• Query Tracker Forum has a section where you can post pages. (I met Katrina on there.)
  • Absolute Write also has a place you can get feedback.
  • And so does Critique Circle. (I met Angie on there). On critique circle you are required to submit critiques to get them. Giving feedback to other writers can be just as beneficial as getting comments.
  • Get plugged into a critique group by interacting and meeting others online or locally.

Operation Awesome is a time commitment, yes. I also have to sacrifice some of my writing time to critique their work. But it is worth it. But like I said, giving critiques helps me learn just as much as getting them, especially when one is fortunate to get a group as good as OA.

14 comments:

  1. Great post and beautiful butterflies. Love the analogy.

    I'm constantly studying books on writing (and re-reading them) and studying novels. The exercise helps me grow as a writer, but honest feedback definitely can't be beat. ;)

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  2. I love this analogy and the butterfly pictures!

    I often look back at my work (especially stuff I write late at night) and realize the pages I thought were perfect then are seriously flawed. Garbage. It's comforting to know that editing can fix just about anything. :-)

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  3. I agree that the right critique group is essential--we have 6 in our YA group now, and meet twice a month. Being able to see each other's works in sections and then as a whole has been tremendously helpful for all of us.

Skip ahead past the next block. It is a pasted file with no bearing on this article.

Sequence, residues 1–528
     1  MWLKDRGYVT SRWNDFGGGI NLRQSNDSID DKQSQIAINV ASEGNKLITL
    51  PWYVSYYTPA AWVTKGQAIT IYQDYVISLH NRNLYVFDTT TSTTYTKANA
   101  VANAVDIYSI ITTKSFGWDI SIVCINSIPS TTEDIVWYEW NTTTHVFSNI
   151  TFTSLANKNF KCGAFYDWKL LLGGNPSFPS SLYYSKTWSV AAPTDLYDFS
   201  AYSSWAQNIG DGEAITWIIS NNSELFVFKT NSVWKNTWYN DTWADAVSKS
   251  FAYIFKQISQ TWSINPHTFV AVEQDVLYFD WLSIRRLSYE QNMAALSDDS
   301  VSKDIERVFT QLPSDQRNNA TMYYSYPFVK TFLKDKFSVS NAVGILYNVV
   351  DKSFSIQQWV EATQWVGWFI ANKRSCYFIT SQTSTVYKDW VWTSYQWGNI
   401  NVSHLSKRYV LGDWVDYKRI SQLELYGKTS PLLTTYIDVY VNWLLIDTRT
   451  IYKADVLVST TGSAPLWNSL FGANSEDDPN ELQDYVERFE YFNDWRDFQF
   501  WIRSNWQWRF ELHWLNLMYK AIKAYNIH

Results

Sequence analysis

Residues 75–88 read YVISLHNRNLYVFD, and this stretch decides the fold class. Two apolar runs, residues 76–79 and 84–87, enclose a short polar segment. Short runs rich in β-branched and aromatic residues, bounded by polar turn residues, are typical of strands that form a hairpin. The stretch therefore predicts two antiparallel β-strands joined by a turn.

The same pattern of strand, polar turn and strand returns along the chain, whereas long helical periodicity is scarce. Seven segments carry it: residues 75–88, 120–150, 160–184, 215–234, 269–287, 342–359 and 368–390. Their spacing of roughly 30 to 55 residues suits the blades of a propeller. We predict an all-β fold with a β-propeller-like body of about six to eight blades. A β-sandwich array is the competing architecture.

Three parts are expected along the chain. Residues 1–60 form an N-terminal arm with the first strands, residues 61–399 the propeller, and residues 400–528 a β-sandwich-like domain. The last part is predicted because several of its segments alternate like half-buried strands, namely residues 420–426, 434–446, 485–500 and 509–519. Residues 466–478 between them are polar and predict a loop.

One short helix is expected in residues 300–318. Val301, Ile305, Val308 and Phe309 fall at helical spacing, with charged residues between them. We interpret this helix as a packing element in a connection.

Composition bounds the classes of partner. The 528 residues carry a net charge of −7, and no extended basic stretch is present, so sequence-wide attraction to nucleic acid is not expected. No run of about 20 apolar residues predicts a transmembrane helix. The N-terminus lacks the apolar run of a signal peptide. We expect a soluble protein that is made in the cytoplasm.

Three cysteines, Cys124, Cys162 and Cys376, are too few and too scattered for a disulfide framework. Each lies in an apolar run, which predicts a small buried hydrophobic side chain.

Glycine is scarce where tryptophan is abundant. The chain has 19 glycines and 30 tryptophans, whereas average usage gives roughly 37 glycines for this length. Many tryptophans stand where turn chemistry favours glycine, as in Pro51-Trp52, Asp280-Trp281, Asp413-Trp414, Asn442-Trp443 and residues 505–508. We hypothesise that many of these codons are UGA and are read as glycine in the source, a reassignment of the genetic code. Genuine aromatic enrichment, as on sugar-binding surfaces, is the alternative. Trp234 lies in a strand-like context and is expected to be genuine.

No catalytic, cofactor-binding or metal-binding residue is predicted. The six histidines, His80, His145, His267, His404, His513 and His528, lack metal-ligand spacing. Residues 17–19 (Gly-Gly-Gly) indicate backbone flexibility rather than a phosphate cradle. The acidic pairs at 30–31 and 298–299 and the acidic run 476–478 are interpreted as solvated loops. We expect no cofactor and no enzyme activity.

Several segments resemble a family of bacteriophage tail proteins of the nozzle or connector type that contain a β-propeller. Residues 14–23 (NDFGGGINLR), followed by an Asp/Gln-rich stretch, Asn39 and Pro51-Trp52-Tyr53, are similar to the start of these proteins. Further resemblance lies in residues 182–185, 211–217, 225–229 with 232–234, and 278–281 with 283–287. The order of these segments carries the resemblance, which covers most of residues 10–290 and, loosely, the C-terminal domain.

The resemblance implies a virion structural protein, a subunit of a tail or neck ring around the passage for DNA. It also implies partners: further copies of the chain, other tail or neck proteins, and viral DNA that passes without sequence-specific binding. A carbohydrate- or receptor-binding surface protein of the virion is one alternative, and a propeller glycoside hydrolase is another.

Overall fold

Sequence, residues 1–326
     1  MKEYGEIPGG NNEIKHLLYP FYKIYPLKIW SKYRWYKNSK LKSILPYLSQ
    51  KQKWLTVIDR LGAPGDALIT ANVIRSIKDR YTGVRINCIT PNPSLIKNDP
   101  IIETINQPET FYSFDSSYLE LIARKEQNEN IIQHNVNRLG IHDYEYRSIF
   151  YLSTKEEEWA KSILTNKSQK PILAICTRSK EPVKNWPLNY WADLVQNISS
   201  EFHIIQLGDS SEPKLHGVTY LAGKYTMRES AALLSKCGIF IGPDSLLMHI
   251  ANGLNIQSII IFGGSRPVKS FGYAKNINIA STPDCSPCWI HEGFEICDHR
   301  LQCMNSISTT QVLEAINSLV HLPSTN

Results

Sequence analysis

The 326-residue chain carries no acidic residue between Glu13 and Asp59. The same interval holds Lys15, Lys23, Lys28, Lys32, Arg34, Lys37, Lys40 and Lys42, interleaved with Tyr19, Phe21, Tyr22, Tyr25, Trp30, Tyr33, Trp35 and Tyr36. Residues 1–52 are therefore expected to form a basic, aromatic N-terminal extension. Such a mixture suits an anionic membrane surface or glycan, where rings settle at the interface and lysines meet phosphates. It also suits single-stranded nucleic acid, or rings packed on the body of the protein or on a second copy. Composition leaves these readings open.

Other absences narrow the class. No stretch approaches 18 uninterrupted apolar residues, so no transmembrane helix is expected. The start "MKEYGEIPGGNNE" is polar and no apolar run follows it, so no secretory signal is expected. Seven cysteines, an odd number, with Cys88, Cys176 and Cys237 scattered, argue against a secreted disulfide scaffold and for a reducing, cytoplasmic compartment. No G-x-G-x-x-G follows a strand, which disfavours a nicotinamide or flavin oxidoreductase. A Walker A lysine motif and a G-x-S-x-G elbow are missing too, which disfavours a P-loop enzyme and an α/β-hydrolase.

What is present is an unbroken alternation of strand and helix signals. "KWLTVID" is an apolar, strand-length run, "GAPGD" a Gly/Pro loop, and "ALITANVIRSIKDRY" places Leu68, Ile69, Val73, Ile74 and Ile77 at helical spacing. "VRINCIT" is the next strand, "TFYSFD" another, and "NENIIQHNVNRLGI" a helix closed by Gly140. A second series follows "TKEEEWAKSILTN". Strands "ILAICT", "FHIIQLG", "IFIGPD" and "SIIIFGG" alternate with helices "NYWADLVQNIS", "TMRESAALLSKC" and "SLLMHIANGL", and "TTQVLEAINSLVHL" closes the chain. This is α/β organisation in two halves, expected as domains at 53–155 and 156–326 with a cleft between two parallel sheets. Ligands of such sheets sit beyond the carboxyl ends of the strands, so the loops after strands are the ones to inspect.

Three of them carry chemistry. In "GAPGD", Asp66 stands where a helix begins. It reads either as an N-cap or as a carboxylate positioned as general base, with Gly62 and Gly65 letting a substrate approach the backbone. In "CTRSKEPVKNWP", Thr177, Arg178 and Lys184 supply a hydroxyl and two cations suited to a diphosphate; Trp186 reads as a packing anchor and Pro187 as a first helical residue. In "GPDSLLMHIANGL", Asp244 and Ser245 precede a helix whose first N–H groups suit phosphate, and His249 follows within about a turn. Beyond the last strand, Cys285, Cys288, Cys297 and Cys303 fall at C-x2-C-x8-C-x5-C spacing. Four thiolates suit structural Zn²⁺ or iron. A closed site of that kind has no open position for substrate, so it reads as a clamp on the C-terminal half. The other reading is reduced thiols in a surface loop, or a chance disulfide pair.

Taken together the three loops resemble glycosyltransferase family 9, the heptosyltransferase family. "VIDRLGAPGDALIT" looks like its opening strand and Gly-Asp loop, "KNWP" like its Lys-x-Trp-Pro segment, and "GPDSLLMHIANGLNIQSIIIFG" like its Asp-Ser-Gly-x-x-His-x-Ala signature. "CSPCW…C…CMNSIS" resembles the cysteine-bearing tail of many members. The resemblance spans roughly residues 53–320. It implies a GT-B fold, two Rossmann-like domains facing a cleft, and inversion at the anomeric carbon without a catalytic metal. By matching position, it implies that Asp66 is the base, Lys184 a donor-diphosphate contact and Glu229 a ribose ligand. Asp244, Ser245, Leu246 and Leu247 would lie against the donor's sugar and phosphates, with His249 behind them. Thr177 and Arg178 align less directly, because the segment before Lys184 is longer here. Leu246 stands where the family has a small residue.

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  4. Garbage is my middle name when it comes to first (and second) (and maybe even third) drafts. But the important thing is that I know they're garbage--something every writer needs to acknowledge in order to improve.

    Loved this analogy, Kristal!

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  5. Your face painting is amazing! I love how you could tie that into your writing experiences. I'm definitely checking out those links. I'm thinking I need to take a look at what needs to make a trip to the dumpster in my own book :)

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  6. Love the butterflies! And the progression. I think life, in general, is like this. We're naturally inclined to evolve. (That sounded a lot smarter than I though it would)...

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  7. hi miss kristal! wow those butterflies sure are cool. for me im just starting out writing and i been learning soooo much on my writer friends blogs. i got a book that helping me be a better writer and i got lots of good advice from lots of real neat people. i got on this blog cause im thinking its gonna be a really big help just like that butter fly to get from a beginner to a real good writer.
    ...smiles from lenny

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  8. Kristal- I LOVE butterflies and dragonflies and hummingbirds -- the trifecta of beauty. Beautiful work, really.

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  9. Lovely post! I love butterflies too--what a talent to paint on someone's face.

    Being open to feedback and crits really DOES help you improve your writing--and it's a CONSTANT process. ;)

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  10. Great post, Kristal. You know I love those butterflies. :)

    You're right too. Sometimes we all write trash, but we need to keep at it in order to get it to shine :)

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  11. Hi, I clicked over from Michelle Gregory's blog and what a great post! Thank you for reminding me not to love my writing 'too' much. The longer I'm at it the more I know that what you say is true.

    How awesome to be a professional face painter. I want your job. :)

    ~that rebel, Olivia